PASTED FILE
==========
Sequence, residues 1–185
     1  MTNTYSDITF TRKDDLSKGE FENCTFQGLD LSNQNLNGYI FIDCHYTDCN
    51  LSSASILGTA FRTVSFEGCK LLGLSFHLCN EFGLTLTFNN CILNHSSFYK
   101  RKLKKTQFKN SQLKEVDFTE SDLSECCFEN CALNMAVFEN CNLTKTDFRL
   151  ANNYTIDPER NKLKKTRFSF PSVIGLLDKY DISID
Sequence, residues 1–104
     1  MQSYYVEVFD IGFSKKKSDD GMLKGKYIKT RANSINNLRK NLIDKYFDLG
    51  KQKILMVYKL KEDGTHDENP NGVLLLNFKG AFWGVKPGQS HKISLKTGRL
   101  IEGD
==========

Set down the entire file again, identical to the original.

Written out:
Sequence, residues 1–185
     1  MTNTYSDITF TRKDDLSKGE FENCTFQGLD LSNQNLNGYI FIDCHYTDCN
    51  LSSASILGTA FRTVSFEGCK LLGLSFHLCN EFGLTLTFNN CILNHSSFYK
   101  RKLKKTQFKN SQLKEVDFTE SDLSECCFEN CALNMAVFEN CNLTKTDFRL
   151  ANNYTIDPER NKLKKTRFSF PSVIGLLDKY DISID
Sequence, residues 1–104
     1  MQSYYVEVFD IGFSKKKSDD GMLKGKYIKT RANSINNLRK NLIDKYFDLG
    51  KQKILMVYKL KEDGTHDENP NGVLLLNFKG AFWGVKPGQS HKISLKTGRL
   101  IEGD